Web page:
This method differs from C<L<destroy()|/C_destroy_>> in that it is not
freeing the previously allocated, but allows the pool to re-use it for
the future memory allocations.

=head2 C<DESTROY>

C<DESTROY> is an alias to C<L<destroy|/C_destroy_>>. It's there so
that custom C<APR::Pool> objects will get properly cleaned up, when
the pool object goes out of scope. If you ever want to destroy an
C<APR::Pool> object before it goes out of scope, use

=over 4

=item since: 2.0.00


=head2 C<destroy>

Destroy the pool.


=over 4

=item obj: C<$pool> ( C<L<APR::Pool object|docs::2.0::api::APR::Pool>> )

The pool to destroy

=item ret: no return value

=item since: 2.0.00


This method takes a similar action to C<L<clear()|/C_clear_>> and then
frees all the memory.

=head2 C<is_ancestor>

Determine if pool a is an ancestor of pool b

  $ret = $pool_a->is_ancestor($pool_b);

=over 4

=item obj: C<$pool_a> ( C<L<APR::Pool object|docs::2.0::api::APR::Pool>> )

The pool to search

=item arg1: C<$pool_b> ( C<L<APR::Pool object|docs::2.0::api::APR::Pool>> )

The pool to search for

=item ret: C<$ret> ( integer )

True if C<$pool_a> is an ancestor of C<$pool_b>.

=item since: 2.0.00


For example create a sub-pool of a given pool and check that the pool
is an ancestor of that sub-pool:

  use APR::Pool ();
  my $pp = $r->pool;
  my $sp = $pp->new();
  $pp->is_ancestor($sp) or die "Don't mess with genes!";

=head2 C<new>

Create a new sub-pool

  my $pool_child = $pool_parent->new;
  my $pool_child = APR::Pool->new;

=over 4

=item obj: C<$pool_parent> ( C<L<APR::Pool object|docs::2.0::api::APR::Pool>> )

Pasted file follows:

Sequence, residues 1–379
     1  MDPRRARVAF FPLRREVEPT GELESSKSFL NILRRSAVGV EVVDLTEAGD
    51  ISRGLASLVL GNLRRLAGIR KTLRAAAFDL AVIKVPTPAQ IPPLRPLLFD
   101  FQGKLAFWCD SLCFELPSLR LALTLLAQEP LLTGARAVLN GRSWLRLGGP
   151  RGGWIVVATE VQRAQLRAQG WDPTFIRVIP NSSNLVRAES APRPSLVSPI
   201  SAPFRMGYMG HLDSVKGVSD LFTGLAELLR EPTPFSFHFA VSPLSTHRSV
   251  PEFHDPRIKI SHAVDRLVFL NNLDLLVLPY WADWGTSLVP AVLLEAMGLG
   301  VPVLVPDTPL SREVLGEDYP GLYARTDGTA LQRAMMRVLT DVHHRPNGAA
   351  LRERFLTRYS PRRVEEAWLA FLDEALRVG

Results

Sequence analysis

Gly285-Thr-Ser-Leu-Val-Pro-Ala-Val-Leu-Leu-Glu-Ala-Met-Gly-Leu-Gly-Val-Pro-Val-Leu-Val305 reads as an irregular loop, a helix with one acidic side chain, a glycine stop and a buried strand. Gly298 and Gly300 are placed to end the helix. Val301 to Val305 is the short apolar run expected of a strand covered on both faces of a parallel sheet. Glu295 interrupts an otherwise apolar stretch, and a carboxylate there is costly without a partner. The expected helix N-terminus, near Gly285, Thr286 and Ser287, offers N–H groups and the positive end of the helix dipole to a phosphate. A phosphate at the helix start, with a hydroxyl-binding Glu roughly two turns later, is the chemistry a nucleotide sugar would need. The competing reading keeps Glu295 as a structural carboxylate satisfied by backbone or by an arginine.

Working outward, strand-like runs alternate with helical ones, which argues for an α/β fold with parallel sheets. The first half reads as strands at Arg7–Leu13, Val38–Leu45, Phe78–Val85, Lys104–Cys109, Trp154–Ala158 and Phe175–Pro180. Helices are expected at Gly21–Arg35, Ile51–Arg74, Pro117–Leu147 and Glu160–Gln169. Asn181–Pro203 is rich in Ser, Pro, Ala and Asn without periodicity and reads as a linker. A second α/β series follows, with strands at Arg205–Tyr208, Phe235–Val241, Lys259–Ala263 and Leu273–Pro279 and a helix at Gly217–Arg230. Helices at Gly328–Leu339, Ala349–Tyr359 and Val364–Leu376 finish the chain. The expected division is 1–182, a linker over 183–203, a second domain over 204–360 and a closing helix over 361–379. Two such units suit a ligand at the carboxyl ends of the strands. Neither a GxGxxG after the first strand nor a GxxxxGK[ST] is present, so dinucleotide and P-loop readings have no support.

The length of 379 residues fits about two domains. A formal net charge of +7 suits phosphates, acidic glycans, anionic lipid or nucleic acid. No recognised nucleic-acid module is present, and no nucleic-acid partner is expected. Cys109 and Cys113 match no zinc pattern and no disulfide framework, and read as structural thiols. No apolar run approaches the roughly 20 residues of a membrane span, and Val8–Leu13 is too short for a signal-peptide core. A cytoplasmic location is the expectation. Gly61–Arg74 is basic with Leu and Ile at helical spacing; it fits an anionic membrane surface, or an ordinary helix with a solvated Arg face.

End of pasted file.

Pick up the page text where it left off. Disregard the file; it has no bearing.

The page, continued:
The parent pool.

If you don't have a parent pool to create the sub-pool from, you can
use this object method as a class method, in which case the sub-pool
will be created from the global pool:

  my $pool_child = APR::Pool->new;

=item ret: C<$pool_child> ( C<L<APR::Pool object|docs::2.0::api::APR::Pool>> )

The child sub-pool

=item since: 2.0.00


=head2 C<parent_get>

Get the parent pool

  $parent_pool = $child_pool->parent_get();

=over 4

=item obj: C<$child_pool> ( C<L<APR::Pool object|docs::2.0::api::APR::Pool>> )

the child pool

=item ret: C<$parent_pool> ( C<L<APR::Pool object|docs::2.0::api::APR::Pool>> )

the parent pool. C<undef> if there is no parent pool (which is the
case for the top-most global pool).

=item since: 2.0.00


Example: Calculate how big is the pool's ancestry:

  use APR::Pool ();
  sub ancestry_count {
      my $child = shift;
      my $gen = 0;
      while (my $parent = $child->parent_get) {
          $child = $parent;
      return $gen;

=head2 C<tag>

Tag a pool (give it a name)


=over 4

=item obj: C<$pool> ( C<L<APR::Pool object|docs::2.0::api::APR::Pool>> )

The pool to tag

=item arg1: C<$tag> ( string )

The tag (some unique string)

=item ret: no return value

=item since: 2.0.00


Each pool can be tagged with a unique label. This can prove useful
when doing low level apr_pool C tracing (when apr is compiled with
C<-DAPR_POOL_DEBUG>). It allows you to grep(1) for the tag you have
set, to single out the traces relevant to you.

Though there is no way to get read the tag value, since APR doesn't
provide such an accessor method.

=head1 Unsupported API

C<APR::Pool> also provides auto-generated Perl interface for a few
other methods which aren't tested at the moment and therefore their
API is a subject to change. These methods will be finalized later as a
need arises. If you want to rely on any of the following methods
please contact the L<the mod_perl development mailing
list|maillist::dev> so we can help each other take the steps necessary
to shift the method to an officially supported API.

=head2 C<cleanup_for_exec>

META: Autogenerated - needs to be reviewed/completed

Preparing for exec() --- close files, etc., but *don't* flush I/O
buffers, *don't* wait for subprocesses, and *don't* free any memory.
Run all of the child_cleanups, so that any unnecessary files are
closed because we are about to exec a new program


=item ret: no return value

=item since: subject to change


=head1 See Also

L<mod_perl 2.0 documentation|docs::2.0::index>.

=head1 Copyright

mod_perl 2.0 and its core modules are copyrighted under
The Apache Software License, Version 2.0.

=head1 Authors

L<The mod_perl development team and numerous